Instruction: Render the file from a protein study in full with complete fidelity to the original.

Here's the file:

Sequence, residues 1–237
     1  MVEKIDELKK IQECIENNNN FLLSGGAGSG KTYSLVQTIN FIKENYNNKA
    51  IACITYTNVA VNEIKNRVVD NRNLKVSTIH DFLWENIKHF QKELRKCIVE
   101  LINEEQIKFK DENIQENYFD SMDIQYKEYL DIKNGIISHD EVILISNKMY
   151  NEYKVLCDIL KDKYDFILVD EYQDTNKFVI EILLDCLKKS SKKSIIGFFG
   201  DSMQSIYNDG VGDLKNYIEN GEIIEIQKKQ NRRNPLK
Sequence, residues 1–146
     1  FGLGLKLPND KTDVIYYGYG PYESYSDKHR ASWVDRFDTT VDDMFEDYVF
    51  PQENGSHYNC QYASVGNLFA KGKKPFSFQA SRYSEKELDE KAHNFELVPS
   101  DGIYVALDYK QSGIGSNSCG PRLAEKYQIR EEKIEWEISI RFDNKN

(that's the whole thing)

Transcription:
Sequence, residues 1–237
     1  MVEKIDELKK IQECIENNNN FLLSGGAGSG KTYSLVQTIN FIKENYNNKA
    51  IACITYTNVA VNEIKNRVVD NRNLKVSTIH DFLWENIKHF QKELRKCIVE
   101  LINEEQIKFK DENIQENYFD SMDIQYKEYL DIKNGIISHD EVILISNKMY
   151  NEYKVLCDIL KDKYDFILVD EYQDTNKFVI EILLDCLKKS SKKSIIGFFG
   201  DSMQSIYNDG VGDLKNYIEN GEIIEIQKKQ NRRNPLK
Sequence, residues 1–146
     1  FGLGLKLPND KTDVIYYGYG PYESYSDKHR ASWVDRFDTT VDDMFEDYVF
    51  PQENGSHYNC QYASVGNLFA KGKKPFSFQA SRYSEKELDE KAHNFELVPS
   101  DGIYVALDYK QSGIGSNSCG PRLAEKYQIR EEKIEWEISI RFDNKN